It appears as if there is a skin that has been stretched and perforated, which covers the arena and makes it look like one unified dome. The entire thing promotes excellent acoustics inside the ground, providing a fervent atmosphere on a match day. It took three years to build, officially opened in 2014 and cost about €40,000,000, but it is the striking nature of its looks that see it added to this list.

Century Lotus Stadium - China

Century Lotus Stadium
Alexchen4836, CC BY-SA 3.0, via Wikimedia Commons

The Chinese have a long and illustrious history of creating beautiful buildings, so it’s really no surprise that they’ve carried that over in the modern era. Foshan in the Guangdong Province was gearing up to host the 12th Sports Meeting in 2006 and wanted to make sure that it could present itself a modern, growing city. As a result, a decision was taken to build a multi-purpose stadium that could serve the demands of the programme.

What they created was a circular stadium that offers a huge, white membrane as a roof. Its location on a hill means that it is reminiscent of a lotus blossom, thanks in no small part to the spoke-wheel-like roof that covers both the stands and the external concourse. It became something of a symbol for the games in 2006, with a swimming pool attached to the stadium and boasting a similar roof that seems to be unsupported over the water.

The Century Lotus Stadium has been shown appreciation from outside of China as well as inside. In 2008 it won an International Architecture Award of the Chicago Athenaeum, whilst a year later it was awarded a Silver Medal at the IOC / IAKS Award For Sports Facilities. With room for 36,686, it isn’t the biggest football stadium in China but there is certainly an argument that it is one of the most spectacular.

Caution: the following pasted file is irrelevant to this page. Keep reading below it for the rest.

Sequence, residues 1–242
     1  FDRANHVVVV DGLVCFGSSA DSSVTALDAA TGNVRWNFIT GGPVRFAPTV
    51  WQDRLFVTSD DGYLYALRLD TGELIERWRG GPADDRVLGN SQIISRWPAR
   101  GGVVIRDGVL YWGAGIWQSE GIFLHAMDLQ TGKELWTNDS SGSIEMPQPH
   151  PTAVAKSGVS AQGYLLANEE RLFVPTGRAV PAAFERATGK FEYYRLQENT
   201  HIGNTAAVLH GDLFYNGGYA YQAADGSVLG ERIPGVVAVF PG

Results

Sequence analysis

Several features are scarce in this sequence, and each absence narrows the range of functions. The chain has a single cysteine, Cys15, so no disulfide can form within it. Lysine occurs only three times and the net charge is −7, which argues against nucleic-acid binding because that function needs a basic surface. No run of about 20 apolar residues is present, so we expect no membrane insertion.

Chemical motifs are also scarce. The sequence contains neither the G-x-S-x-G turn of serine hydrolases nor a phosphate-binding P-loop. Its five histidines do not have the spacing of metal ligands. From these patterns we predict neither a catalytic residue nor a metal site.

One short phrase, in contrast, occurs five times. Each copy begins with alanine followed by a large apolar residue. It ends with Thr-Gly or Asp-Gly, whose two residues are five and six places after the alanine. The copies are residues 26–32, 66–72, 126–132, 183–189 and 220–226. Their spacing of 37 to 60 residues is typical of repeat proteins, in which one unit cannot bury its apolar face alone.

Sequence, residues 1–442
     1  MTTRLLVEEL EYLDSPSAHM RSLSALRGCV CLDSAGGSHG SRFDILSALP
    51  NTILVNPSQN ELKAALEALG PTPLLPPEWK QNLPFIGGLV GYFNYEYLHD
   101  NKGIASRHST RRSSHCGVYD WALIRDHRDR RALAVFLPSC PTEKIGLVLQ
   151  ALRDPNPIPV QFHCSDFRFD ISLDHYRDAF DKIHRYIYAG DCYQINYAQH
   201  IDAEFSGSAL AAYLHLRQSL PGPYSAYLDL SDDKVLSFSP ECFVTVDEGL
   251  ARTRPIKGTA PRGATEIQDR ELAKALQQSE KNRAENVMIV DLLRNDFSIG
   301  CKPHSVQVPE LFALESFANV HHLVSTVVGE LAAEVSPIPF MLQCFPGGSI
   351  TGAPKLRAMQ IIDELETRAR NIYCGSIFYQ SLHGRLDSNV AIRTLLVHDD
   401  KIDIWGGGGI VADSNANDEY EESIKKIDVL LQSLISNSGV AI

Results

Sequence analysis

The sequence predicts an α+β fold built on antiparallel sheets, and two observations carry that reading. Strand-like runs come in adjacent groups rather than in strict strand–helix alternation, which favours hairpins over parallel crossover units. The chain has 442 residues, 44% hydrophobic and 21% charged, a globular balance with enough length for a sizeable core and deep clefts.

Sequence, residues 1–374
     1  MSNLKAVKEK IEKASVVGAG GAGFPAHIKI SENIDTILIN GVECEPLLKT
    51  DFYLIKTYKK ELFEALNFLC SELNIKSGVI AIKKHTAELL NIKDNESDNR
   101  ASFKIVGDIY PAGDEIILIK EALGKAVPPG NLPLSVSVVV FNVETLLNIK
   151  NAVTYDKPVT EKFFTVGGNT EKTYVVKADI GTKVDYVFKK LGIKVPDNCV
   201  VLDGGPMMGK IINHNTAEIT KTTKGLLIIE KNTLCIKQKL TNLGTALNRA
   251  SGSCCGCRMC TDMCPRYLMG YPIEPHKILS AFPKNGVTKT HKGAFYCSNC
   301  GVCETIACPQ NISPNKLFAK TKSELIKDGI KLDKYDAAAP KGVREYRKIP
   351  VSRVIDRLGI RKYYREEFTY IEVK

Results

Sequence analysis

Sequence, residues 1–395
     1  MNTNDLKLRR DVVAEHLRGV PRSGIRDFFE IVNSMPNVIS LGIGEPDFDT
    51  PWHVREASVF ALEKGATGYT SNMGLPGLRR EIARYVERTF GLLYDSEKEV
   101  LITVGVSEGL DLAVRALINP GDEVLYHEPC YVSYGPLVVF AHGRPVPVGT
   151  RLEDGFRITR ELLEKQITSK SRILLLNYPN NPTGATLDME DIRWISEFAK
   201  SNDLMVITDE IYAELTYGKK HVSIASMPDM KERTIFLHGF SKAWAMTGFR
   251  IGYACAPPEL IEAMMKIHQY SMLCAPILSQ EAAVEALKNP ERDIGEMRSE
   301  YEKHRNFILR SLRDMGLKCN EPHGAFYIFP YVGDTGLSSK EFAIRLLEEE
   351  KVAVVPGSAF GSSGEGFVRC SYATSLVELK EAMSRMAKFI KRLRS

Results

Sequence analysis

Fisht Olympic Stadium - Russia

Fisht Olympic Stadium roof open
By Эдгар Брещанов (https://www.soccer.ru/galery/995258/photo/652541) [CC BY-SA 3.0, CC BY-SA 3.0 or GFDL], via Wikimedia Commons

When it was confirmed that Russia would be the host for the 2018 World Cup, there was some concern from the wider footballing community because there weren’t enough stadiums to host the amount of matches that would be played. There were more than a few grounds already being used for the sport, however, and the Fisht Olympic Stadium was one of them, having previously hosted the 2014 Winter Olympics and Paralympics.